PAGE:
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Best Department for New RN Grad

by Latorie Latorie (New) New

I passed NCLEX a month ago and started applying for positions. Most open positions are for different departments and require some experience. My question is should I start off with med-surg to get experience with my skills or do other departments consider hiring new grads? Has any new grad been hired for departments other than med-surg?

You could look for internships on more specific floors. I started out in the ER as a new grad. Love it.


Specializes in Operating Room. Has 3 years experience.

I began my nursing career in a perioperative new grad training program. It was my first job offer and I gladly accepted! Seven months later and training complete, I can honestly say I am thrilled to be part of such a dedicated and skilled team.

afterseason, ASN, RN

Specializes in Peds PACU & Peds Psych. Has 1 years experience.

I say apply for whatever you like. Usually, specialty floors require a nurse with experience. However, in my area, the major hospitals offer residency programs for those floors, and they will hire new grads into the program. I guess it depends on what resources your area offers. I'm currently working in pediatric PACU as a new grad.

Racer15, BSN, RN

Specializes in ED. Has 5 years experience.

I've only ever worked in the ER. Was hired before I graduated and had never really thought of working anywhere else. My hospital hires new grads in just about every area so it doesn't hurt to look into it.

anh06005, MSN, APRN, NP

Specializes in Cardiac, Home Health, Primary Care. Has 6 years experience.

In bigger hospitals they specify RN I, RN II, etc. In my local hospitals it's a bit smaller so hardly any of the job postings say experience required so new grads can apply for whatever and get trained. They did just recently start an RN new grad program though for extra support for them.

I started as a new grad on cardiac step down. I had 2-3 mos (can't remember) of orientation then I was taking a full patient load. Of course there were still nurses to talk to and would help if a problem came up.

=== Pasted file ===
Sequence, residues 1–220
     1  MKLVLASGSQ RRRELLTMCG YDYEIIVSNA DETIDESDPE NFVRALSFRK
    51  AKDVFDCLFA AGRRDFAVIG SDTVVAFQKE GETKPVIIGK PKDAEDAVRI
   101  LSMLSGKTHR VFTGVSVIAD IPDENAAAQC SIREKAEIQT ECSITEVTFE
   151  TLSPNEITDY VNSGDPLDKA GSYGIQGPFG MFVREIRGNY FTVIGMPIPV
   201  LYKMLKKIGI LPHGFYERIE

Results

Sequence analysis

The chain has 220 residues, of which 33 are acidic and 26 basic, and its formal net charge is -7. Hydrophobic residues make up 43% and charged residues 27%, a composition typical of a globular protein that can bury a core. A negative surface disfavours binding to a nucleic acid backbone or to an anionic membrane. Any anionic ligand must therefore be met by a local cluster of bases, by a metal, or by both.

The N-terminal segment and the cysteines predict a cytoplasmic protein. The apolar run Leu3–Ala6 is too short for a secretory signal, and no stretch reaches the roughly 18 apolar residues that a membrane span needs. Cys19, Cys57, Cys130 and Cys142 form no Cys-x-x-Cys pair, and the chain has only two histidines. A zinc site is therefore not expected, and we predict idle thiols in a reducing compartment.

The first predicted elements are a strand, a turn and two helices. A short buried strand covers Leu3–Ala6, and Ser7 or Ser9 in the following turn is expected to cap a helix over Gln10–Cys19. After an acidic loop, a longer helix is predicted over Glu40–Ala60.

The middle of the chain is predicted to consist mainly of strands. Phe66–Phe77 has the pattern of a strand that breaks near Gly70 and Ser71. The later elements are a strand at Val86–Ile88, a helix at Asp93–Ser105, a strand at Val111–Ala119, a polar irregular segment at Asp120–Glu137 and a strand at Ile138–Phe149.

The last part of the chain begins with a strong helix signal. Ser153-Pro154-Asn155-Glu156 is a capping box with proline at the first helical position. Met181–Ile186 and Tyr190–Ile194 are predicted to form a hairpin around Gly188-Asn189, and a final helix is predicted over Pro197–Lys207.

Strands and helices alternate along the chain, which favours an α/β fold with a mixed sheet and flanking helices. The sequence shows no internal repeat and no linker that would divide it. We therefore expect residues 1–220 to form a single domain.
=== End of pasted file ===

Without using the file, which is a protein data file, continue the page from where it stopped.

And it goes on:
Some people will tell you that you should avoid ICU, ER, etc. until you have some experience as a floor nurse. I was hired by a level 1 trauma center hospital into the trauma/surgical ICU as a new grad. I was told dozens of times that it wasn't a smart choice, and that I would regret it. I can speak from personal experience in saying that if you are interested in any position wherever that might be, then go for it! Even if the opening states they are looking for nurses with experience, they won't turn away a candidate that they see potential in. I received 3 months of orientation with a preceptor and was offered longer than that if I felt that I needed it. I have loved every minute of my job, and I'm glad I didn't listen to those who had "experience". Everyone's experience and success in any position is highly individualized. But if you feel the desire and passion for a certain area of nursing, then do everything in your power to pursue any opportunity available to you.

Just my two cents!

Thanks everyone.

llg, PhD, RN

Specializes in Nursing Professional Development. Has 44 years experience.

I am a big believer in "go where your heart is" -- if you are ready to handle it, the unit is prepared to handle the needs of a new grad, and you are lucky enough to be chosen. Starting out your career doing work you hate is a bad idea. If you like general med/surg, then by all means, focus on those positions. But if it is not what you want to do, don't be afraid to apply to other specialties as well. (And notice that I refer to med/surg as a specialty on purpose.)


Specializes in Med-Surg. Has 1 years experience.

I say that in this job market the best department to work on is the first one that is willing to hire you.

Unless you are totally set in the speciality that you want right off the bat then any area is a good area. I personally have a passion for med surg and think it's a good place for a new grad to start out on. You will adapt to wherever you end up though. OR can be a rough one to transition out of if you start there but is perfect for some people.